Feedback loops

      15 Comments on Feedback loops

I’ve been doing some thinking lately about feedback loops.

If you are able to tap into a positive feedback loop in your thinking and behavior, it can be a wonderful thing. As an example, consider a novice guitarist. She’s more likely to practice if she feels like she’s making progress and getting better at her instrument. And the more she practices, the more progress she’ll make, the more at ease she feels. Which makes her want to practice more, which makes her better, which …

Sadly, the difference between a positive feedback loop and a negative one is often just a subtle difference in perspective. If feeling awkward playing the guitar makes you want to play and practice less, which means your skills atrophy, so you feel even more awkward, so you practice even less …

Which is just a long-winded way of saying feedback loops can be driven in either direction.

I’ve had experiences with those sorts of loops in relationships as well. I tend to warm up to a relationship fairly slowly. It takes a while for me to feel at ease and really comfortable with a person. But as I get more at ease and more relaxed with someone, the relationship starts going better, which makes me even more comfortable, which …

(Editorial aside: Apparently I don’t know how to talk about feedback loops without using a lot of ellipses.)

But I’ve also seen negative feedback loops in relationships. In my first serious relationship (hello there, you 🙂 there was a time where my girlfriend felt insecure and threatened. Which made her very clingy and possessive and needy. Which pushed my buttons and made me look for more space. Which left her feeling even more insecure, so she became even more clingy and …

I find those negative cycles to be enormously difficult to break. With that girlfriend, it took a concerted effort from both of us. She worked hard at trusting more in the relationship and accepting a certain amount of ebb and flow over time, and I made an effort to not pull away when she was feeling clingy. It was really hard work. Feedback loops are self-perpetuating and I found it very easy to slip back into the negative patterns that I was trying so hard to break.

I wish I knew a reliable (and easy) way to break those negative patterns, or even how to reverse direction and drive the loop in the positive direction instead. It’s deceptively easy to spot them and offer solutions when you see the patterns in someone else’s life, but I know from painful experience that it’s a very different challenge when you’re on the inside looking out.

15 thoughts on “Feedback loops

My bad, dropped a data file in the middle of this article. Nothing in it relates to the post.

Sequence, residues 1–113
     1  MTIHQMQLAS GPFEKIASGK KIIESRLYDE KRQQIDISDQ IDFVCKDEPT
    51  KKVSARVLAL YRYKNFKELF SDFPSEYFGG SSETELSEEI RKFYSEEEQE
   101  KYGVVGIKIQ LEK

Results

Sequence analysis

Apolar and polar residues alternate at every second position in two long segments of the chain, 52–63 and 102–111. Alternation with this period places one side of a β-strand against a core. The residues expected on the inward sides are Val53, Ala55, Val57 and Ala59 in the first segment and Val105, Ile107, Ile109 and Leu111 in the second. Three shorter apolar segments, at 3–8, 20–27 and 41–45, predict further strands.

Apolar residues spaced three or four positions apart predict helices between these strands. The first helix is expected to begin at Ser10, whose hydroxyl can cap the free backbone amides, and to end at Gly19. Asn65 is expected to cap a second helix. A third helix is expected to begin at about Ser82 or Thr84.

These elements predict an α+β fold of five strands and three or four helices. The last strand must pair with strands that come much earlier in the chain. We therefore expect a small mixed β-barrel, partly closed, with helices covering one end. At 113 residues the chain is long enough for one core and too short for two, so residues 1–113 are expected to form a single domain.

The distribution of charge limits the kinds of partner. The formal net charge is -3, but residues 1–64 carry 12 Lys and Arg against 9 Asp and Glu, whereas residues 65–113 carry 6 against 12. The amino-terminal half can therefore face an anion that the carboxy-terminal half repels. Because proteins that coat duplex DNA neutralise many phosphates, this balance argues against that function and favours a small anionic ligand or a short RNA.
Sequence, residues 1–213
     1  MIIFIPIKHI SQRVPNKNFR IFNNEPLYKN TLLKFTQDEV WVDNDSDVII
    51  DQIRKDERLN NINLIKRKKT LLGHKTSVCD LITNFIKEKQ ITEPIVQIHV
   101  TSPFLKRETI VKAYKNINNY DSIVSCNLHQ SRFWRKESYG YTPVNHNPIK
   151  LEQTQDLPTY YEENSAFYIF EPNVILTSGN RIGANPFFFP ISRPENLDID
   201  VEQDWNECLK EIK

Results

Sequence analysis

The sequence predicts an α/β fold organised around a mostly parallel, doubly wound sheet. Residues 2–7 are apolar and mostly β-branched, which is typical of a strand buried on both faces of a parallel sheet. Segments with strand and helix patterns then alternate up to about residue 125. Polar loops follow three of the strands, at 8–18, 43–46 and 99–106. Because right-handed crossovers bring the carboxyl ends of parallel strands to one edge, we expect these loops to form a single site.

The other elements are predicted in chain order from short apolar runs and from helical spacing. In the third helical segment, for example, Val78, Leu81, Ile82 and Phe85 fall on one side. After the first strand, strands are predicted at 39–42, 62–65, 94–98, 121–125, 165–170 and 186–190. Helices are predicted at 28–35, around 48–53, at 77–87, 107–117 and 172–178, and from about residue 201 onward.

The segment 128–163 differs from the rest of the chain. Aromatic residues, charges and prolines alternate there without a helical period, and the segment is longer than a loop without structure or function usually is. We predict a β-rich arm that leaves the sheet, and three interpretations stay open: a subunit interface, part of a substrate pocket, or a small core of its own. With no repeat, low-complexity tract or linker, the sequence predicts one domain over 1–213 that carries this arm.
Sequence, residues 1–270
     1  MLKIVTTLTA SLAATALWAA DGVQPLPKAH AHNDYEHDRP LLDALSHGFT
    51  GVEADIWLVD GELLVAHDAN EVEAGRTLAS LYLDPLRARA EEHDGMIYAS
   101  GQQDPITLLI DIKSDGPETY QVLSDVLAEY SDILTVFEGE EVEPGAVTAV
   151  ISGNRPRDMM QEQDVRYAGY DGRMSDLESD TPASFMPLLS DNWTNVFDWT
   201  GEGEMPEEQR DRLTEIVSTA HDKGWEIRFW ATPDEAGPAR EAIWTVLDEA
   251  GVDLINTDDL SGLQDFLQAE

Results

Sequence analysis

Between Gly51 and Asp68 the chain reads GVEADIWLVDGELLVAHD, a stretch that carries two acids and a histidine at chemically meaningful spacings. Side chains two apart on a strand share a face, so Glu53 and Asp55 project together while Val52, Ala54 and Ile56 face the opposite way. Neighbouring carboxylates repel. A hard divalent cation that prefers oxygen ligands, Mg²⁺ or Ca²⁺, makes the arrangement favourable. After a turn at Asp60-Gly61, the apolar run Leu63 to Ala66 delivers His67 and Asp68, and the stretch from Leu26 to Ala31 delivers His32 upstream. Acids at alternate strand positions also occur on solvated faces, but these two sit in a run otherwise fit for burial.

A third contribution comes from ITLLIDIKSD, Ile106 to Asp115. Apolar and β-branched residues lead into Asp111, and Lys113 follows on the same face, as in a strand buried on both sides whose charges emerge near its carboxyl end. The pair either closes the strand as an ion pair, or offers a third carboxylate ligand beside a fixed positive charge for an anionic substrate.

1. thatsassylassie

    there is something kind of cool about logging on and having this be the first post I read. I am currently in a situation that I think is all about ebb and flow and search for balance, so this resonated with me a lot. 🙂 Good luck

    Reply
    1. thatsassylassie

      now that I read what I wrote, I wish to clarify. I didn’t mean my situation was my relationship, but rather my life, the big picture. I am feeling pretty reflective about it, so may write later. But I appreciated your words.

      Reply
      1. browse Post author

        I’m glad you liked it; thanks!

        Good luck on the reflections. I’ve had to make some pretty dramatic changes in my life to find something approximating balance. Or at the very least, better balance than I had before.

        Many years ago, I was discussing a big life decision with my dad. As I was fretting about the pros and cons, he contributed something like this, “You’re in your twenties, you have no debt, no kids, no mortgage. You’d have to try pretty damn hard to screw up your life. Be bold. There are very few mistakes you could make that aren’t undoable.” A lot of water has passed under the bridge since them. I’m not quite as young and free as I was then, but the basic idea has stuck with me. Be bold, and trust that if you’ve made a bad decision, you’ll figure some way out of it. I’d rather end my life regretting the things I did do, rather than regretting the things I didn’t do.

        Reply
  2. yoopie

    Thanks for sharing this.

    I am guilty of the same…well with new hobbies. As for my relationships, I do look back at the other relationships I have had and see very clearly how I sabbotaged them to some degree. I work very hard with my current relationship however the difference is, he does TOO. Sometimes only one person will put any effort into trying which is also frustrating because it can make that person feel they are the ENTIRE reason that things may not be working in the relationship…yadda yadda